Local businesses sew masks to address shortage

+Sew+on+Central+makes+masks+and+donates+them+to+a+senior+living+community+in+Morton+Grove.+Community+members+can+also+drop+off+masks+they+make+in+the+box+outside+its+storefront.

Sew on Central makes masks and donates them to a senior living community in Morton Grove. Community members can also drop off masks they make in the box outside its storefront.

Zoe Malin, Reporter

After seeing reports about mask shortages during the COVID-19 outbreak, customers reached out to Evanston Stitchworks owner Amalia Malos on March 20 about an effort to make hand-sewn masks. She said her response was a “no brainer.”

Within a day, Malos connected with organizations that had already established efforts to advise sewers on how to make masks and developed a plan. Now, a week later, Malos has put together over 100 kits, which she said will yield hundreds of masks in total.

“There’s a crisis in medical supplies and availability,” Malos said. “There’s people who have access and those who don’t, and there’s something we can do about that.”

Evanston Stitchworks typically sells knitting supplies and offers sewing classes. But amid the COVID-19 pandemic, Malos and other Evanston businesses owners have used their resources to address the shortage of N95 masks.

The movement to make hand-sewn masks is not specific to Evanston. People are making masks in a variety of states due to reports of shortages of medical-grade masks. According to the Center for Disease Control, if medical-grade face masks are not available, healthcare personnel can use homemade masks to care for patients with COVID-19 “as a last resort.” Malos said the situation has devolved to the point where a last resort is all that is left.

Evanston Stitchworks has been giving out kits for people to sew masks at home. Kits are free and contain enough fabric and elastic to make 10 to 14 masks. Malos also raised over $2,500, which goes towards purchasing materials that go in the kits.

Those interested can pick up kits outside Evanston Stitchworks, or Malos can ship them to houses. Some community members donate the masks they make to local institutions, while others send masks to those in need across the country.

“This is a grassroots movement based on individuals’ dedication,” Malos said. “Because of social distancing, we can’t all sit around and do this together.”

Photo courtesy Karen Graham

Karen Graham, owner of Sew on Central, also jumped into action to address the need for masks. She makes masks and donates them to a senior living community in Morton Grove. Graham also left a box outside of her storefront for residents to drop off completed masks.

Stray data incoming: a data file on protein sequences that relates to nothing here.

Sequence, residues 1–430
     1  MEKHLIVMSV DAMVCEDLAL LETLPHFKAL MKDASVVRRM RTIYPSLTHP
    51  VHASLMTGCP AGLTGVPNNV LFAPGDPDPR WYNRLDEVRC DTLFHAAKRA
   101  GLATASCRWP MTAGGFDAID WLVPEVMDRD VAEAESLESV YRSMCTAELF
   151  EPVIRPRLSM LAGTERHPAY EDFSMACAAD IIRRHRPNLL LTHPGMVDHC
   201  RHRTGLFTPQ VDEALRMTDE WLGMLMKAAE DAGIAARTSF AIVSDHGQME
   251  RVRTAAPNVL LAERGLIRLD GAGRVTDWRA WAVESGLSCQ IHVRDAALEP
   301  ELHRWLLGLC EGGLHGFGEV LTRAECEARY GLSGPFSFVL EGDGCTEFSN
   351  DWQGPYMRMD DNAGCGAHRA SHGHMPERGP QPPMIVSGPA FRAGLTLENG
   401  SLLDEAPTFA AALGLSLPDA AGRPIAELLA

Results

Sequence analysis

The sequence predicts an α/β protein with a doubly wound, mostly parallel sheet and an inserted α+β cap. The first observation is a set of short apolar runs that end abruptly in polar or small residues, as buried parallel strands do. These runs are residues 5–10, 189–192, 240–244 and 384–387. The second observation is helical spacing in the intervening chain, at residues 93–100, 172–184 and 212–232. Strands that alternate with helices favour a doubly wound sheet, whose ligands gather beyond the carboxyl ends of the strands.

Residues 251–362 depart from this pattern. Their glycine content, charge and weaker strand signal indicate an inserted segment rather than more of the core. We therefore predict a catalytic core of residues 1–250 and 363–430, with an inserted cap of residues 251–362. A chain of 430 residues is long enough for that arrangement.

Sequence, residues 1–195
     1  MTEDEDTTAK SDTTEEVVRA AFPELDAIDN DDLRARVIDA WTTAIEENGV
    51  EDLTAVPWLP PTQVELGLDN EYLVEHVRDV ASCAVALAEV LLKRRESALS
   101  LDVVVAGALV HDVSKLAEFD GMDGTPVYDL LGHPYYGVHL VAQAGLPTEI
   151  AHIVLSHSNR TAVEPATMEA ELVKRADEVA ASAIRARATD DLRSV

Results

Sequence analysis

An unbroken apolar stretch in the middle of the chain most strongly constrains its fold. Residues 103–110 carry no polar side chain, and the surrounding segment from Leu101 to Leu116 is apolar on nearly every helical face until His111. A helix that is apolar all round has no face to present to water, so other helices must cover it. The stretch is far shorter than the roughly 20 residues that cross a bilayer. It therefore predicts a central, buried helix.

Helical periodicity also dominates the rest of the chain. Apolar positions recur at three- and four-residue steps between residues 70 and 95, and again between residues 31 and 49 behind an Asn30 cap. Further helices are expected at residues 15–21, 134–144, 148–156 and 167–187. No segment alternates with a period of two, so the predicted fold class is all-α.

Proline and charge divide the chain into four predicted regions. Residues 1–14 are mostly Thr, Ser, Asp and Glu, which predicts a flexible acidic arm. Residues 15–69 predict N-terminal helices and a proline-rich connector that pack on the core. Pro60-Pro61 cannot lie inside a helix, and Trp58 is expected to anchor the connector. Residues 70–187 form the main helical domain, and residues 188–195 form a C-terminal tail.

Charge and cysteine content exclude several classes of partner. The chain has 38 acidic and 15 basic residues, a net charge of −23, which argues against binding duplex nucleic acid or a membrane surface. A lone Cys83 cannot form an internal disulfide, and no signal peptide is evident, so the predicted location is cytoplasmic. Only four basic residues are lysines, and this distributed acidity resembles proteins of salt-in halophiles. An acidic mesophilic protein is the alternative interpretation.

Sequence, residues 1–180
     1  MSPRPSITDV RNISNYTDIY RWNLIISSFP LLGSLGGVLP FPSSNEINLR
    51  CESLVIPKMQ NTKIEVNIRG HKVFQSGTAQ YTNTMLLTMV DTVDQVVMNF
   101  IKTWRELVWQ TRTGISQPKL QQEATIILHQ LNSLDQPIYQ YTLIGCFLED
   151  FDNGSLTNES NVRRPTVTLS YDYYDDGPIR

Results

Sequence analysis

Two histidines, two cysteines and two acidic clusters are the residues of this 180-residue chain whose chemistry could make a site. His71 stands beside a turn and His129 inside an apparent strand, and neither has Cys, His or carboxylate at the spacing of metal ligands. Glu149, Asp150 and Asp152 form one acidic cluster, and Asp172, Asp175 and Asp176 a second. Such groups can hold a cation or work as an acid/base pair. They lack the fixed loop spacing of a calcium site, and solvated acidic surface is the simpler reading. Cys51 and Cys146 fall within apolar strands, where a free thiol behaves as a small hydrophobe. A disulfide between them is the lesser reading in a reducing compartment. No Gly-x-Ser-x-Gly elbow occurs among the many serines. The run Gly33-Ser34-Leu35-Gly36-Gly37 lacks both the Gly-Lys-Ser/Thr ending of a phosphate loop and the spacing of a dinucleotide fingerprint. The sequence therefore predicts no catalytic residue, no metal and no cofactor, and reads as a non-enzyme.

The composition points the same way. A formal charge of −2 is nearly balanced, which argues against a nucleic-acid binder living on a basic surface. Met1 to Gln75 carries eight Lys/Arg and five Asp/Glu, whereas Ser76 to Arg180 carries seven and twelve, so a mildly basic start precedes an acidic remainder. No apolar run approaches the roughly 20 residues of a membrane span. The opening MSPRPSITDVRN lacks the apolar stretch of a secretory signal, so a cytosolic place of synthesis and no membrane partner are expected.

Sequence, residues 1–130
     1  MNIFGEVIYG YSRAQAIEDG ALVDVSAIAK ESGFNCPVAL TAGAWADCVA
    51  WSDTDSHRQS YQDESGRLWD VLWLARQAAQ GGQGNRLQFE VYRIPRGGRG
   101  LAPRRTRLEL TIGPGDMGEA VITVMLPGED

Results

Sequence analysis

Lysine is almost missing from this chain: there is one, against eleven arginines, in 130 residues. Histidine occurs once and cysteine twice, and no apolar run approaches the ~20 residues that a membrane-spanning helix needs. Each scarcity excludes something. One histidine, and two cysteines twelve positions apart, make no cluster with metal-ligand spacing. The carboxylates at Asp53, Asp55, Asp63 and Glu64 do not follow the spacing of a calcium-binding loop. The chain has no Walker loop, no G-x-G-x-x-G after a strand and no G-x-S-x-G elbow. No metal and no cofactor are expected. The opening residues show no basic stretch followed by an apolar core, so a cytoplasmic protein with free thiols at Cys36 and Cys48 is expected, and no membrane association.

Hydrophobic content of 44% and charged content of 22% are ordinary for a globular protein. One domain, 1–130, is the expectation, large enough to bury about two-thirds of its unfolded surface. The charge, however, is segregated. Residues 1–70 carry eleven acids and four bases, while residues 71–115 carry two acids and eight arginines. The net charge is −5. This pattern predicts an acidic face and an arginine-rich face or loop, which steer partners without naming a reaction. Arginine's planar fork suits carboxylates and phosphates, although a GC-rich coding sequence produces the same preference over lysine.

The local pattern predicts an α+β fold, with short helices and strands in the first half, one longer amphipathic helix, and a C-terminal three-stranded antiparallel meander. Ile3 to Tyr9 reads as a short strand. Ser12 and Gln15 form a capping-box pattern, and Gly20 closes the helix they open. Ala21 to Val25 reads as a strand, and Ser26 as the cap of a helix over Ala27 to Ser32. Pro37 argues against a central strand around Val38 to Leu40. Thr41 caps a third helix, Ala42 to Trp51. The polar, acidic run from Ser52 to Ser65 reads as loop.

Graham said an experienced sewer takes about 10 minutes to make one mask. Between the masks she has sewn and the masks she has collected from community members, Graham said she has already over 100 ready to distribute.

“The community response has been amazing,” Graham said. “Everyone is trying.”

Rogie Sussman Faber, owner of Vogue Fabrics, said Evanston businesses making masks are facing a nation-wide material shortage. She said stores like Vogue are unable to keep up with the demand for supplies like elastic especially. Now, sewers are turning to alternatives such as fabric ties or twill tape in order to complete their masks.

Vogue wholesales fabric and elastic out of its warehouse and is a distributor for an elastic mill. Towards the beginning of the COVID-19 outbreak in the United States, Faber said small businesses and individual sewers ordered materials to make masks. Then, corporations contacted Vogue, like the Ford Motor Company and Atlantic Gasket, as they began mass producing masks. Faber said the large orders these companies placed “wiped out” the supply of Vogue and other local businesses.

Currently, Vogue has nothing left in stock, but Faber has ordered additional materials that should be delivered soon. She said the store is putting all other business on hold to focus on mask making efforts.

“At a time like this, it’s helpful for people to feel useful and like they’re participating in filling the need,” said Faber. “I just keep picturing Rosie the Riveter.”

Reyes Witt, owner of Assembly Creators Market, also started a mask-making effort. But she took a different approach.

Witt collaborated with health care professionals and craftspeople to design a mask that looks like a duck bill. This shape makes it easier for those wearing the mask to breathe. Tandem Thinking and Juniper Solutions Group, consulting firms in the Chicagoland area, worked pro bono to create the first model. Courtney Lyons, who teaches classes at Sew on Central, and Annie Coakley, executive director of Downtown Evanston, also donated their time. Witt said everyone worked “countless hours.”

Witt will pay makers and designers to sew the masks; 70 percent of each sale goes to whoever makes it. She said many of these individuals have seen a large decline in business since the pandemic began and hopes to support them by providing a small source of income.

Witt launched mask sales last week. Sewers will use the best materials available to make each mask as fabric and elastic is limited. Anyone can purchase the masks on Assembly Creator Market’s website.

“At the end of the day, we want to be a part of a solution,” Reyes said. “These masks are Band-Aids, but they’re safer than nothing.”

Email: [email protected]
Twitter: @zoermalin

Comments